What remains after you've left? We hope it remains a new understanding of community and possibility to participate in the open space in the district and also some new nice spots in open space for the inhabitants.
Phase C: Collaborative Visioning and Goal Setting
The Scene in your Story of Visioning
The scene for the story of visioning is the map from our analysis-story, it´s the point, where the story of visioning establish and begins. So ones more it's the district of Klein-Tischardt with it´s most important spots. The place where the ideas and goals arise, of which a visioning comes out.
The Actors in your Story of Visioning
The actors are based on the characters of the analysis-story (the fable). The characters are animals which represents a certain group or stakeholder, they're described in the image below. The mole, the bear, the tortoise, the mice and the zebra are still the same characters as in the previous story. For the visioning phase we added the beaver and the "unknown". The beaver represents the planners and architects, which comes in the story to share own ideas and know-how with the community, to collect ideas from the community and do professional planning to take the wishes and ideas to builded reality. The "unknown" represents the actors in the story, which are still not seen or/and heared , aren't interestet or got no access to the process for any reason.
The Story of Visioning
The condition in the community at the moment, is, that most of the people are living in their bubble and aren't connected to each other, so the democracy challenge is to change this condition (slide below). The goal setting process is the combination of the analysis of the whishes of the actors through workshop outcomes, emphasizing e.g. and the analysis of space and environement.
Goal setting process
To priorize the different goals, they are collected and sorted, for that a vision can be fomulated. In our story, for Klein-Tischardt the visions are Vision 1: Lively community and Vision 2: Safe + Accessible Klein-Tischardt.
From goals to vision
To get an strategy for realisation, we picked a cetrain goal and named 4 actions which could follow to achiev the goal. In our story, we choosed the goal: Create public spaces -> Possibilities for people to meet and connect. To describe the strategy, we used Action 1: Rezone & Design Gerberplatz (Square) and divided it in 3 phases, each with a timeline. So at the end of this phases the first action could be realized and the community steps futher to it's visions.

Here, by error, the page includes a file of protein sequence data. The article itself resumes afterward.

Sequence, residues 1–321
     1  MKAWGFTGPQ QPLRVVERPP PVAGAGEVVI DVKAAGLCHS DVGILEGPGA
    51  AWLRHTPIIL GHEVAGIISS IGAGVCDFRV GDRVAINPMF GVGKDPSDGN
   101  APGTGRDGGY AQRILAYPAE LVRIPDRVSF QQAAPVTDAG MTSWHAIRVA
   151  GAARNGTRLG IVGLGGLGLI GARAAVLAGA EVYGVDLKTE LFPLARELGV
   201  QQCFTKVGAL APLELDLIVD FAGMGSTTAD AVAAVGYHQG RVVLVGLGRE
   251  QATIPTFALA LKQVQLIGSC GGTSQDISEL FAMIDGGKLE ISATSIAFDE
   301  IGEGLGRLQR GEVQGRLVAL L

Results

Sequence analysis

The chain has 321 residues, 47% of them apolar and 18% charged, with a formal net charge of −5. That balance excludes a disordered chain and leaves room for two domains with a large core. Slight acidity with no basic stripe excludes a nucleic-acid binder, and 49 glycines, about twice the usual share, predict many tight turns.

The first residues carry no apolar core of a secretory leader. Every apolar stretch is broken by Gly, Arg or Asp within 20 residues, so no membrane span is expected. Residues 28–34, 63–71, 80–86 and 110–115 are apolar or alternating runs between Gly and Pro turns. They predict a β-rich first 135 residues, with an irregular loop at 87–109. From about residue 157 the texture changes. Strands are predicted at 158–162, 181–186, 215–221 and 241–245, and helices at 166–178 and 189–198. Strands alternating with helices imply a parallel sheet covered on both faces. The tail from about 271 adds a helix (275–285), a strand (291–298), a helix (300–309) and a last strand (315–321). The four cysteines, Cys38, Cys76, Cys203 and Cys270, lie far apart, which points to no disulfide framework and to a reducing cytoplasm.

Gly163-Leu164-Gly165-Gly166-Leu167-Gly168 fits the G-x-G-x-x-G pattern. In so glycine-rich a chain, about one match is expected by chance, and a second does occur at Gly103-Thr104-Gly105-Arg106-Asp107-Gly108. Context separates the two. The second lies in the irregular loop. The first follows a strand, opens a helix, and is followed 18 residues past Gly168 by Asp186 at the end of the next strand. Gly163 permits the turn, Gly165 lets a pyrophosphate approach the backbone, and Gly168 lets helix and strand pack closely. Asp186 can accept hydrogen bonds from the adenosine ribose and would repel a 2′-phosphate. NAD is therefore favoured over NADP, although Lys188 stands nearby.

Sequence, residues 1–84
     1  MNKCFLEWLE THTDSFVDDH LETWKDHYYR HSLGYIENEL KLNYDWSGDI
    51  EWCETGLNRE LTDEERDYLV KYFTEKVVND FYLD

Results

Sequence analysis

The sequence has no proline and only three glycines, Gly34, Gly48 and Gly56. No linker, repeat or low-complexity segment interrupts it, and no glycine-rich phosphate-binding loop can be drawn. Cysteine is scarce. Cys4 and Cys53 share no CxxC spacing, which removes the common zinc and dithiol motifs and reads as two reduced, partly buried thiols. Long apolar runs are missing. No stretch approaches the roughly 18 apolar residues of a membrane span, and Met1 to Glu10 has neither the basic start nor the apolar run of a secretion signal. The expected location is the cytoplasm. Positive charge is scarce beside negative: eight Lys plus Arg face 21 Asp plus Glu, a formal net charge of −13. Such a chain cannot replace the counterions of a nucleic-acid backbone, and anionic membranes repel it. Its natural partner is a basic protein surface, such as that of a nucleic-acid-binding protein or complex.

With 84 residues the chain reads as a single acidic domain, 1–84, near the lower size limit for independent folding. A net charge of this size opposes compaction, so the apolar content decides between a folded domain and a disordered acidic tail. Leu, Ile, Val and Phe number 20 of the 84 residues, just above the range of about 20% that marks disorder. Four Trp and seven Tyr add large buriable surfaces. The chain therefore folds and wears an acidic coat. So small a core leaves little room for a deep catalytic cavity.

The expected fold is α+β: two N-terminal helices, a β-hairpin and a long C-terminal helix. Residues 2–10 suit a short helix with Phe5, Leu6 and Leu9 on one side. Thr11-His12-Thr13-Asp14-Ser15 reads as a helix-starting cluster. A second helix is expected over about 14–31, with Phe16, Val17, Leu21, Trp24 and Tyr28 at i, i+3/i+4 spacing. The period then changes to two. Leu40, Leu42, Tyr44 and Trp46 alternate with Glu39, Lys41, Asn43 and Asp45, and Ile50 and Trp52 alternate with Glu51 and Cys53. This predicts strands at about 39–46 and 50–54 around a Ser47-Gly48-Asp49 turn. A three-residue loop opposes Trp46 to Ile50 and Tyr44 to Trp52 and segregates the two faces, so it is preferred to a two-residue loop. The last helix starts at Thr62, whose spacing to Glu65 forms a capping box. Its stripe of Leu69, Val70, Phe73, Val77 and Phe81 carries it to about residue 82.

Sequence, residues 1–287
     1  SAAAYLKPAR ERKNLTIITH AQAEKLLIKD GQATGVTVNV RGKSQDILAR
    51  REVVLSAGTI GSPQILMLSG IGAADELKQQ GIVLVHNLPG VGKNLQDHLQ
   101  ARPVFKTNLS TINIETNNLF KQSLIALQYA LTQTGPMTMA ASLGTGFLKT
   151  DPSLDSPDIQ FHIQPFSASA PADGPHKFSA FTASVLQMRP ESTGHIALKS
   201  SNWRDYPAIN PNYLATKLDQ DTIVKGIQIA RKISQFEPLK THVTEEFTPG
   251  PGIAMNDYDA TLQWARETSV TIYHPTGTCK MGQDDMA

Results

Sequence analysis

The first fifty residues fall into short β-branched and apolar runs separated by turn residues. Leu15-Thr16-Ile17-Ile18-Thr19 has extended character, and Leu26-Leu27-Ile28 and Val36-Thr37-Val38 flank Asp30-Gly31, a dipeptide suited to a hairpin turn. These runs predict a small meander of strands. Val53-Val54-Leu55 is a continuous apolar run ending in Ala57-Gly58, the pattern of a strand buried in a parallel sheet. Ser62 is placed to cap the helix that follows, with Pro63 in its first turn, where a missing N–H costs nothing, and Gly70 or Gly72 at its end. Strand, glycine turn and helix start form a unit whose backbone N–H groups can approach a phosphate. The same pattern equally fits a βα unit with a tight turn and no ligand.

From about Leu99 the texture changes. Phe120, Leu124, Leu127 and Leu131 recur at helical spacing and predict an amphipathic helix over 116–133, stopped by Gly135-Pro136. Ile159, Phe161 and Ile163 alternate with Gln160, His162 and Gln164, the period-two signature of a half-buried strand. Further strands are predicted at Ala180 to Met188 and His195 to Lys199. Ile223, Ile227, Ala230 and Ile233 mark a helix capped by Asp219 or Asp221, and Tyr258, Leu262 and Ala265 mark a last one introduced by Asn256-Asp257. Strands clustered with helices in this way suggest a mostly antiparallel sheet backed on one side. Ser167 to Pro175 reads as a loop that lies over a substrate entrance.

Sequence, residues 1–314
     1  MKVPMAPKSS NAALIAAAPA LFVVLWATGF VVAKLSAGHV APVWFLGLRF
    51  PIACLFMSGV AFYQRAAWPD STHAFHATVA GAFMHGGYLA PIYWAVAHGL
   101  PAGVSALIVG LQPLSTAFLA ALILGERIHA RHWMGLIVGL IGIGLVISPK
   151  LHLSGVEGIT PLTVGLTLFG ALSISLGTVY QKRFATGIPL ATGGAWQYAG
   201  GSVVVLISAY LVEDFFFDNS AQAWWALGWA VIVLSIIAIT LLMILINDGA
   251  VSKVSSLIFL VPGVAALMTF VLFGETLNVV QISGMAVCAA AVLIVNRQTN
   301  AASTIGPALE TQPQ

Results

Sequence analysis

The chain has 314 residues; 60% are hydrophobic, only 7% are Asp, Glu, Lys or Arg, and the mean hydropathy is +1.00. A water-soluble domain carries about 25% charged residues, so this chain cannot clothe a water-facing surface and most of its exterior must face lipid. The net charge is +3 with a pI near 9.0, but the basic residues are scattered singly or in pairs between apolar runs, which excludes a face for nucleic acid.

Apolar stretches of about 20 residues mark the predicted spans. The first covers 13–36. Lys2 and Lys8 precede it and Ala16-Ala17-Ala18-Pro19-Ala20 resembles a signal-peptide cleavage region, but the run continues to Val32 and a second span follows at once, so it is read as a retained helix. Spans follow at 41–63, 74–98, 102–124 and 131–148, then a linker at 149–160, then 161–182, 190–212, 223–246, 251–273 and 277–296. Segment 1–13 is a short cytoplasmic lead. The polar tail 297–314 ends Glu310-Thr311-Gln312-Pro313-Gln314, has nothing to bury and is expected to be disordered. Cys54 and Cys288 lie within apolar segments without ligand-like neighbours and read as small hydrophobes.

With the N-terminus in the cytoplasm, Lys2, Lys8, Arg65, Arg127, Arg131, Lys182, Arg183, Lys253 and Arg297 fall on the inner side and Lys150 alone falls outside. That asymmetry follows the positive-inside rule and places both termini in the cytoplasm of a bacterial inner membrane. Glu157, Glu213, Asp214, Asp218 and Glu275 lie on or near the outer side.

Reflect on your Story of Visioning
When formulating goals, it should be made sure everybody gets involved and no one is excluded. It can help, to connect multiple goals to a bigger one. Goals need to be realistic, specific and achievable. Characteristics of a “good” Vision: Visions need to be realistic. A good vision includes as many goals (and people) as possible.
Phase D: Collaborative Design, Transformation and Planning
Your Prototyping Action
We organised several actions of chalk painting. Some to adress the interest of the residents on their surrounding, but also some to give the residents the possibility to participate and interact, to draw their own ideas and awake their inner child while being creative. The actions relates to the vision of a lively community, and the goals of giving/getting an identity, having community events and giving ideas for the intelligent use of parking space.
The Evolution of Your Prototyping Action
The prototyping action idea evolved during our other university seminar in which we work on the same area. We were looking for a way to involve the residents under the conditions of Corona. We wanted to involve them and get feedback/reactions to some of our ideas for the landscape.
The actors for the action are: Us - We are planning and preparing the action. Nick - Who was part of the bridge action and helped to plan. Pedestrians - Who could choose to participate (chalk art action at the museum or participated unknowingly (bridge action) Museum - Gave permission for the usage of the museum square
Tools & methods: Communication through chalk - We were communicating our ideas through chalk but also the people could tell us their ideas with chalk. In another action traces of people were made visible by chalk.
You can find more details on the different actions on the slides further down.
The Plan Behind Your Prototyping Action
Our interaction was implemented with chalk. In most cases it was enough to let the drawings stand for itself. sometimes it took a few explanations. For the actions we needed the initiator to create the drawing, so as an observer to observe and analyze the result. The planing and action took over two weeks
The Realization of Your Prototyping Action
In the following pictures you can see, which interventions we actually performed. For our first intervention, the roundabout and the parklet you can even read some of the reactions from the citizens. We got a lot of feedback, positive such as negative. Most reactions on site were pretty well and the atmosphere varies from intervention to intervention. Most of the time people were quite interested.
Reflect on Your Prototyping Action
The change the actions creatde was that people are discussing, on site as well as online. We think, that the effect on site was more positive and created an bigger change for the people, who participated. Most of the participants had fun and liked it. One action even invited a band to spontaniously make some music. If we would do the actions again, we would rethink our advertisement for the actions and think of asking for permission at the municipality.